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February 23rd, 2013 Leave a comment Go to comments

On occasion, indie game developers will drop the price of their creations to bring in some fresh blood.  In this case, “Longshot” set a record for me as the cheapest game I ever purchased…five whole cents.  The game was originally $4.99, but I lucked out and caught it during a 95% off Desura sale.  “Longshot” is an action / arcade combat driven game, set in space.  You’ll pick one of two sides and square off against the other team, trying to complete one of two goals before the other team can.


Longshot (PC, Mac)

The main menu allows you to play single player, multiplayer, view scores & credits, and adjust game options.  The options menu allows you to change the screen resolution, set the graphics quality, adjust audio sliders, toggle fullscreen, and turn up/down the control sensitivity.  It’s a very basic menu, but covers all of the important stuff.

Starting a single player game allows you to participate in the four tutorials available, play skirmish, or try your hand at last stand mode.  The tutorials will guide you through the motions and teach you everything you’ll need to know about the gameplay mechanics, so I recommend starting there.  I didn’t get a chance to see any multiplayer, as there were no games available during my play session.

In the skirmish mode, you’ll choose a side, pick a ship, select a loadout, and attempt to do one of two things to ensure victory.  You can capture the station in the middle of the map, or you can destroy the enemy base on the far side.  Likewise, your enemies will be trying to do the same.  The interface is fairly easy to understand…your weapons and their charge / overheat meters are in the upper corners of the screen (left and right mouse buttons fire them), the two bases’ health bars are displayed in the top middle of the screen with the station’s capture status directly underneath, and your ship’s status indicators on the far bottom.  I haven’t figured out yet what status indicator is which yet, but I know that armor and shields are displayed.  I played through the tutorials and don’t remember them being mentioned, but I wouldn’t have minded a quick help / reference sheet via the menu to help answer these questions.


Let the “pew pew” commence.

Combat is fairly easy, once you get the hang of flying in three dimensions.  While you can move your ship forward, back, and side to side on a horizontal plane, you can also fly up or down a plane to outmaneuver your opponents.  Double or triple tapping various directions will enable boosts, execute rolls, and allow the ship to move the among these planes with relative ease.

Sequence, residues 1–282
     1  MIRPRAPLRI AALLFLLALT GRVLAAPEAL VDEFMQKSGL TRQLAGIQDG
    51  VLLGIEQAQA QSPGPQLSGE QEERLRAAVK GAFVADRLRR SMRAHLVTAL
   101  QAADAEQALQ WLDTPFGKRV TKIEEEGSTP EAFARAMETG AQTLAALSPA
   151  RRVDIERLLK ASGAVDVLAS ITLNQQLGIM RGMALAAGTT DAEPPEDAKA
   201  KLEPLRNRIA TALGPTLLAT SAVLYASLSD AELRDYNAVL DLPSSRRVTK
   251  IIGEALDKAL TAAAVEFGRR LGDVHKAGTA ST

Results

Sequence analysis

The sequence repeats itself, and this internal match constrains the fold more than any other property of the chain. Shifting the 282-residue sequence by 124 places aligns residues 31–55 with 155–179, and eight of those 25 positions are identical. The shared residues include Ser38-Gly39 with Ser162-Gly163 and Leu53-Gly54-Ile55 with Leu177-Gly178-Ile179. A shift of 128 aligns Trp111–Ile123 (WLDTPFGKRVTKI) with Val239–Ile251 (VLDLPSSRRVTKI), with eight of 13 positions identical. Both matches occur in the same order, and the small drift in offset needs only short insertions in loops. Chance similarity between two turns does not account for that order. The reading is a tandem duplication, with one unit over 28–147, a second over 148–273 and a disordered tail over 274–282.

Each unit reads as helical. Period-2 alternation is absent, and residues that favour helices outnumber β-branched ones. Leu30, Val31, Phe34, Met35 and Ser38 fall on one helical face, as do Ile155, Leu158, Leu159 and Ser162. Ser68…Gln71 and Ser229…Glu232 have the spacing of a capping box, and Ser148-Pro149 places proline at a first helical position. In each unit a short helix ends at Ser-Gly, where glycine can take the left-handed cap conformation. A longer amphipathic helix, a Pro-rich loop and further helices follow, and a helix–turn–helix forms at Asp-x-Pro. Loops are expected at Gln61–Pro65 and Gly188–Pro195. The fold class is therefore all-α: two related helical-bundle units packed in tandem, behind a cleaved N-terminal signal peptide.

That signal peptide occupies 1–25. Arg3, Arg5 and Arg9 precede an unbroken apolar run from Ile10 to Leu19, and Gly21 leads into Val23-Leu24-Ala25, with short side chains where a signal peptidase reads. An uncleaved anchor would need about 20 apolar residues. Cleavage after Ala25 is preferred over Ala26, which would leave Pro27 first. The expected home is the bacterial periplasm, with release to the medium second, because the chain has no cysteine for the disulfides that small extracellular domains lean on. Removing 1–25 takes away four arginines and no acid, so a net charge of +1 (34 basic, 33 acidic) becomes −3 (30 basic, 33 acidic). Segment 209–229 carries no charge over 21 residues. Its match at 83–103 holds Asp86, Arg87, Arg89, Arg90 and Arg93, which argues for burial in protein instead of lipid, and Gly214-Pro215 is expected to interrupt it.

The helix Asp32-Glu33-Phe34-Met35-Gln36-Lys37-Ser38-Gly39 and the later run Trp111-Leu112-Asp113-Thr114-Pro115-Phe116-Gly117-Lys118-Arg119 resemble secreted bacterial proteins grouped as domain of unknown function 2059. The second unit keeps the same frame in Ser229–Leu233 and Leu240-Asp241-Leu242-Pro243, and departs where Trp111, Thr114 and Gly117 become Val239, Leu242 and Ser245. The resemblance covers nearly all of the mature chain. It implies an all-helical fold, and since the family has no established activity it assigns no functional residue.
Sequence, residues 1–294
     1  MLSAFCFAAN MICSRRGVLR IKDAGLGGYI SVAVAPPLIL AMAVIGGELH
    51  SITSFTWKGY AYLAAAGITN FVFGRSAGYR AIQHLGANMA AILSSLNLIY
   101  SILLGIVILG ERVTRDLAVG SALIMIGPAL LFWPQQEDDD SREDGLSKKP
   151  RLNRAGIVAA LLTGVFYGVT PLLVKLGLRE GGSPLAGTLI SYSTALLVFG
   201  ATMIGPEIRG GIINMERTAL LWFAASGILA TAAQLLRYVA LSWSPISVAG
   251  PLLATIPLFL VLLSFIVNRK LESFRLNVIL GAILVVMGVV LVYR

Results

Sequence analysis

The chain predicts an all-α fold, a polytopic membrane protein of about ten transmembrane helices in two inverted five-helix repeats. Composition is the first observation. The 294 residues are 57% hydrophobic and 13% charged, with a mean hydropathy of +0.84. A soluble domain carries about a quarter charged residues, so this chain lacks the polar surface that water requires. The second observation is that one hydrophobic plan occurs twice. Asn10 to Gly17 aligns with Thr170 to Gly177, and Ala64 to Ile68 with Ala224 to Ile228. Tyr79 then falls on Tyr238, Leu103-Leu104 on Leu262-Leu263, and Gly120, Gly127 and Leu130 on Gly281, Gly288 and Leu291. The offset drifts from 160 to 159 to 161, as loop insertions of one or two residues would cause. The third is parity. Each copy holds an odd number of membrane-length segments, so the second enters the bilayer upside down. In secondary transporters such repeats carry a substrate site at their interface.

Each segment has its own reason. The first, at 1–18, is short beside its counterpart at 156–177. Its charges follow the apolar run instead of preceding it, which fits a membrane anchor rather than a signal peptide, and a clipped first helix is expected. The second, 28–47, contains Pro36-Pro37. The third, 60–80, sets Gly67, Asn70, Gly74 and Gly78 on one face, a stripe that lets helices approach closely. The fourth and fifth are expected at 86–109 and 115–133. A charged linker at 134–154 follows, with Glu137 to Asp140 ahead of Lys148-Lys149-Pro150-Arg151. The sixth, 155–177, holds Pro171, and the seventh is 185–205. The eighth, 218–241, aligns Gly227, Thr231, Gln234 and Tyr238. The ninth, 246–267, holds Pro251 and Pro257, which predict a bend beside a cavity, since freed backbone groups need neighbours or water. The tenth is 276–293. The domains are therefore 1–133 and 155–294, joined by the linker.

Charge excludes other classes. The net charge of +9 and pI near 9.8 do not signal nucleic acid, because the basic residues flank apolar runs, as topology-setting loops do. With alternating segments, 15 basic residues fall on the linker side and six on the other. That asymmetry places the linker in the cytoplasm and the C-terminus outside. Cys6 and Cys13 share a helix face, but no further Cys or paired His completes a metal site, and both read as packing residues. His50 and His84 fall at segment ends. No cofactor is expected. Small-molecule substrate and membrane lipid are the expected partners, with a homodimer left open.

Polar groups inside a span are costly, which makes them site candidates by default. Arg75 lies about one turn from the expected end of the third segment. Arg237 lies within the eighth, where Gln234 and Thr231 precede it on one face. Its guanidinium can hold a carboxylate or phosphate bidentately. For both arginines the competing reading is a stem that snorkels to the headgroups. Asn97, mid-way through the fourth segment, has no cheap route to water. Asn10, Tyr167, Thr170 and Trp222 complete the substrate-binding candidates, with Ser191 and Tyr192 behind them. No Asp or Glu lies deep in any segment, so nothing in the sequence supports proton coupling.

My favorite aspect of this game is how you can pick from different ships and customize their loadout.  It’s obvious that the smaller ships are weaker but more maneuverable, but you can combine various weapons and defense loadouts to suit your play style.  What’s more, you can assign your weapons to either your left or right mouse click.  Smaller ships don’t allow you to have as many loadout slots as larger ships, but the functionality is still there.  You can equip two or more of the same weapon to make it more powerful, but drains power / overheats faster in the process.  I created a large tank with five laser cannons and one of each defense (armor and shield) and took out ships like no one’s business…though my weapon’s charge only lasted a second before fizzing out.


I may not be able to turn quickly, but I pity the fool who gets in my sights…

Another neat feature is the ability to dock with the center station to pilot an engineering ship, which allows you to build turrets.  To do so, you’ll need to make sure you equip a platform and one of the available turrets before launching…at least, that’s what I did.  Creating a platform is as simple as holding in the fire button and waiting for it to construct.  Once it’s done, you can build a turret on it.  Staying alive while this is going on is another matter, as the engineering ship is rather weak.

Last stand mode switches gears and starts the map with the center structure already captured.  You’ll start with the weakest ship and be tasked with fighting off waves of enemy ships.  How you plan your defense is up to you…will you switch out to an engineer ship and go turret happy or will you concentrate on taking out the enemies yourself?

Overall, I found “Longshot” to be a fun diversion in short spurts.  The graphics are pretty good and the flow of play will keep you engaged from the beginning of a round to the end.  Was it worth the five cents I paid?  Yes.  Is it worth the full price of $4.99?  That’s a tough call.  While there’s not a lot of game modes and multiplayer seems to be non-existent, the game has a lot of good ideas that could be expanded upon.  There’s no leveling mechanic like in the “Battlefield” series to give you a sense of progression, but it’s a good way to burn five or ten minutes if you’re just looking to go into a game to blow stuff up.  If the developer intends to introduce new ships, weapons, and game modes, then yes, I can see it being worth five bucks.  I recommend trying the demo and/or waiting for another sale in the meantime.

Final Verdict: 5/10

You can learn more about and purchase “Longshot” by visiting the following website:



You can check out video play sessions here:

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